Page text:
16. Nettles permalink
    February 20, 2010 9:53 am

    I find these ideas quite fascinating Lisa. think I feel quite similarly about omens. I have long felt that certain “signs”, and also animals have represented very personal and specific things to me. And that I have found myself awake to them. But yes – it’s something very personal as you describe. For me an omen is not something I view superstitiously in a “the sky is falling chicken-licken – look it’s a sign from the gods” kind of way. It’s (possibly) more pragmatic for me – the explanation, for this anyway. I don’t see omens as “sent” to me from somewhere. But I think something akin to your notion of omens (perhaps?). Their significance to me is embedded in the unconscious or psyche – a kind of (very loosely) Jungian concept. What we are drawn to, or draw connections with. We often see what is significant to us. It triggers thoughts, feelings, ideas that are there waiting for us to explore and possibly resolve, or even draw strength from.

    For me personally, omens are no less powerful because I see them this way. And I really want to say that for years now I have felt an “affinity” (for want of a better word) with Nekhbet. I have no idea why I do, but she always feels significant to me. Your post made me really sit up when I saw this. So, thanks for “sending” me this omen Lisa! Hehe. But really, I do feel for me that Nekhbet is significant.

  17. February 20, 2010 12:13 pm

    Ahh, I just love those myths and archetypes. Did a paper at university on the correlation between Tarot symbolism, Hindu gods and goddesses and Jungian archetypes. They’re all the same really – the same story running through us all, over and over, neverending, played out many times over. Omens certainly come into it…but in the unfolding of my apparent life’s story, where all possibilities are always ripe, I probably ignore the omens as a bit limiting!

  18. mommymystic permalink*
    February 20, 2010 4:50 pm

    Nettles – my own Egyptian link is Maat. But I appreciate Nehkbet alot, too. And I didn’t know anything about the vulture association before this, or their significance across all these different cultures that I love. Especially their link to the feminine, which isn’t very intuitive to us in the modern age I think (it turns out many species of vultures don’t have any visible differences between male and female, so the Egpyptians thought they were all female. That’s not true of condors, but it was interesting to me that my research led me there.)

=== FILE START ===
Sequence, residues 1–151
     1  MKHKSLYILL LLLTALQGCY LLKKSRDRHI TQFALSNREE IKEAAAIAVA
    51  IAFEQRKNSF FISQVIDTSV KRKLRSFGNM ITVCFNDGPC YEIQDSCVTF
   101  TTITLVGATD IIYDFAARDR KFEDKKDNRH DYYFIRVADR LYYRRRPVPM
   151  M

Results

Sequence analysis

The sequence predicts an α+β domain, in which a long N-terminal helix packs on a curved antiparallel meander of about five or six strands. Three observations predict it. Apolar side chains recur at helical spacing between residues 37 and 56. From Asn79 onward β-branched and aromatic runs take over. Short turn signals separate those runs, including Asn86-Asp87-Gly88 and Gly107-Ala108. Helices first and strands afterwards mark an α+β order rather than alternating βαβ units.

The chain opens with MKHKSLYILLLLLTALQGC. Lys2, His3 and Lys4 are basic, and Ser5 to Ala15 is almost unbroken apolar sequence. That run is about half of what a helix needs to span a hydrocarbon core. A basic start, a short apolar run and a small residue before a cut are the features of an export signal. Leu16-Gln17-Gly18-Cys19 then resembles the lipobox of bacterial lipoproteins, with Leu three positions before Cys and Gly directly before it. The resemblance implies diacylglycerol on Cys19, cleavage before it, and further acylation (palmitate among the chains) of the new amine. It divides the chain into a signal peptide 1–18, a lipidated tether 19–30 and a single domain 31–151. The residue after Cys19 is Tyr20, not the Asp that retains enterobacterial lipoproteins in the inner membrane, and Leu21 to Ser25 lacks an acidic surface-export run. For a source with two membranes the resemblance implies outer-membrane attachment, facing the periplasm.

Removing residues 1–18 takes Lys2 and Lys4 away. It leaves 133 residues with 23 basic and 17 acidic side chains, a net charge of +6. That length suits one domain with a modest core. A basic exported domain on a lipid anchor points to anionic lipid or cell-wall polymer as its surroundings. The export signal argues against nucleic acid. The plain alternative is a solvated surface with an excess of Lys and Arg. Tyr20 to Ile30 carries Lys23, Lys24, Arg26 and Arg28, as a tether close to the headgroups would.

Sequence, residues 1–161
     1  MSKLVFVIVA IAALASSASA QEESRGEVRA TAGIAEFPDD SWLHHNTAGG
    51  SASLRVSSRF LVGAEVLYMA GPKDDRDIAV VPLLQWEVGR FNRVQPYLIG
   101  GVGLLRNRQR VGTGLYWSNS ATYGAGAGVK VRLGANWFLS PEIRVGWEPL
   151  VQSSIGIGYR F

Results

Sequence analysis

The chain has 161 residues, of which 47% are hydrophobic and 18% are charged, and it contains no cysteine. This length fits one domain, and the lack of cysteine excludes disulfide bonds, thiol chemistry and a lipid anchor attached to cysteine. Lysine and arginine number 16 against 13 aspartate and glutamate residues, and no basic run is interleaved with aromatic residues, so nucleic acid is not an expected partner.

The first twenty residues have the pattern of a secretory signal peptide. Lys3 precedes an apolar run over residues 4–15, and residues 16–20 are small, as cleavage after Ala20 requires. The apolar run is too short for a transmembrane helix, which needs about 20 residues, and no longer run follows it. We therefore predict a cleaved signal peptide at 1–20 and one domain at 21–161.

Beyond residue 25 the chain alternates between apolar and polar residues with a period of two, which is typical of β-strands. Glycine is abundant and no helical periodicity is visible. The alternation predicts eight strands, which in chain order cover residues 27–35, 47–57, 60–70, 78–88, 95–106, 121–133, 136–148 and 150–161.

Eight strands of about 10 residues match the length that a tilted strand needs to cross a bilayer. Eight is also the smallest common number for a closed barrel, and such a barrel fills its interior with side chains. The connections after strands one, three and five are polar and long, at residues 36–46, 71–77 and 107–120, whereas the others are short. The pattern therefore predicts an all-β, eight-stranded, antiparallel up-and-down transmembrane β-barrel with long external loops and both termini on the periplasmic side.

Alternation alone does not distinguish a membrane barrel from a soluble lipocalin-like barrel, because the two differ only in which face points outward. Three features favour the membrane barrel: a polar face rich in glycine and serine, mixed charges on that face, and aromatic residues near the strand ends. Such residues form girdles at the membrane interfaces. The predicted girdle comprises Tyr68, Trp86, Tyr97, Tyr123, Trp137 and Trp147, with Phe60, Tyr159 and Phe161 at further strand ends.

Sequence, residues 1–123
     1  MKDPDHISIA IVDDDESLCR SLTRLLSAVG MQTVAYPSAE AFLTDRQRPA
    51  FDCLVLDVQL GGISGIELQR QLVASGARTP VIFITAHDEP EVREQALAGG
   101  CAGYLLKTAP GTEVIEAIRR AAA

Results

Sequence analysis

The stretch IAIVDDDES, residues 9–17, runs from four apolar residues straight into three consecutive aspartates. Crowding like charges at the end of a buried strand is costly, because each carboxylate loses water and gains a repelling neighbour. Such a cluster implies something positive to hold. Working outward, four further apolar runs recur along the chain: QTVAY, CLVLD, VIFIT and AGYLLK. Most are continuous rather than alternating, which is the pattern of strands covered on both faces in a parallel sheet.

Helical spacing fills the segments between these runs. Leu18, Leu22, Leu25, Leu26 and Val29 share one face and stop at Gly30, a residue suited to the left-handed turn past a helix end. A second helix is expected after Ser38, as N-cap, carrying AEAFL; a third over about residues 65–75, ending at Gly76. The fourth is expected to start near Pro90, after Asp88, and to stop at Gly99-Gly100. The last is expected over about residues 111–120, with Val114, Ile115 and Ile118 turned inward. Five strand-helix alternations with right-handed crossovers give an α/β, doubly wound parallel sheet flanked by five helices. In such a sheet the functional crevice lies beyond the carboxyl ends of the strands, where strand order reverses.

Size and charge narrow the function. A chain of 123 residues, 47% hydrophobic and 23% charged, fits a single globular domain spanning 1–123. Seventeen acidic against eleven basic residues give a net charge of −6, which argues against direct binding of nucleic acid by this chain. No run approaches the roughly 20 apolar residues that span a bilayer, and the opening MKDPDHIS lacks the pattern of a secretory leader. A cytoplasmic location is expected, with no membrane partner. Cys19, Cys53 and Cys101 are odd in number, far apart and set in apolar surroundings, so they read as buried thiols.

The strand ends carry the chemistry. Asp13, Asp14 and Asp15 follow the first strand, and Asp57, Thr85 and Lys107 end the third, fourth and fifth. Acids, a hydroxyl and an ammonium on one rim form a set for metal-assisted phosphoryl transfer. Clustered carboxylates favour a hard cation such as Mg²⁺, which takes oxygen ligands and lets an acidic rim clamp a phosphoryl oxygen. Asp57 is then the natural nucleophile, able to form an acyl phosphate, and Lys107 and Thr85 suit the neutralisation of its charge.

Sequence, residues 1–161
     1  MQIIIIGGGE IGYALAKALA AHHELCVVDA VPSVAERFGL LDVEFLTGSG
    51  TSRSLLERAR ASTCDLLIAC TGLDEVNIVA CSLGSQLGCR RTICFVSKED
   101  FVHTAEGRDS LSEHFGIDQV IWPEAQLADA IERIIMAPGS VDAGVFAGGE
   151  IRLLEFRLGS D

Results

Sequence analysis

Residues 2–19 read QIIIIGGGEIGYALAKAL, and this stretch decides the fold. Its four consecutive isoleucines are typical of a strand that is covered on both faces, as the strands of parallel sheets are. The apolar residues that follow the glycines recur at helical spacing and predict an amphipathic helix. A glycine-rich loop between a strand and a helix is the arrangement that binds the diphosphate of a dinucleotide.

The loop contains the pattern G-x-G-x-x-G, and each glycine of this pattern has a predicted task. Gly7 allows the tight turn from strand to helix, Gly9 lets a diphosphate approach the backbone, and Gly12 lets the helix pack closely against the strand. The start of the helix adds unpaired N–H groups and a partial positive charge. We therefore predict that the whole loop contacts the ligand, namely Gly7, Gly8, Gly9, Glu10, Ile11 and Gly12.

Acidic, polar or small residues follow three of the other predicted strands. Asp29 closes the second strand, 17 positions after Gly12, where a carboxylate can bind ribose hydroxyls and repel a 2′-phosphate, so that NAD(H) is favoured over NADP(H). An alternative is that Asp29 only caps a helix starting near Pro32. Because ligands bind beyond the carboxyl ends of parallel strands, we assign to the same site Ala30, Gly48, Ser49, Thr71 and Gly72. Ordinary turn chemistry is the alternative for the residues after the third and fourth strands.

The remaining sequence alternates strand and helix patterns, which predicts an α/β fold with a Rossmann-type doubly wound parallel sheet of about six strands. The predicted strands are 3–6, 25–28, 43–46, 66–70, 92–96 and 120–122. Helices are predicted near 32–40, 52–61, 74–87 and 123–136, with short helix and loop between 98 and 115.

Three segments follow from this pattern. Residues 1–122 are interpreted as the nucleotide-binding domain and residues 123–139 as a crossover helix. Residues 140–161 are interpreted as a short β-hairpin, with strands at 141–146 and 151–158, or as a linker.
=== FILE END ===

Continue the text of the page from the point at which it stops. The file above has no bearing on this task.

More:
Suzanne – interesting that both you and Nettles mentioned Jung, that is part of where I was headed with a post on symbols and symbology that I want to do. You know, I do think in Jungian terms too I think, kind of. Both Jung and Joseph Campbell I find very interesting on symbols, in terms of the archetypes across cultures and all that. And then metaphysically I just think of our awareness and ‘external reality’ as one continuous field, so of course we can ‘read’ the world just like we do our own psyche…to me it is an extension of non-duality in a way actually, the collapse of subject/object…It’s interesting what you say about it being limiting though. I guess that is very true, as they are used in most religions, as ‘messages from the Gods’ instructing us. But I don’t really think in those terms, so to me it is just part of the lila, the play of the universe, and part of the fun…

  19. February 20, 2010 10:38 pm

    Lisa,
    I find your story fascinating. And I very much believe in omens. Like you, for me this is not a regular occurence – and has to be something that really jumps out at me (not literally jumps out!). I can think of one right now, one which is very personal and I’m not ready to share here. I know there have been others, of which I’m not recalling right now. Reading your story, though, is very connecting for me – and for the amazing world we live in.

  20. February 21, 2010 12:14 pm

    Hi, I found you by the “metaphysics” tag. I’m connecting with people who are on some level like minded. So I hope to speak to you in the near future.

  21. February 22, 2010 4:57 pm

    Hey Lisa. I’m SO glad to see that Mr Coelho and your wonderful self feel that omens are of a eprsonal nature. I always bristle a little when people get too bogged down with systems, especially with dreams. Systems are just tools to me, like you have used them here, useful to dig up soemthing that clicks for you persnally… so again, still a personal approach.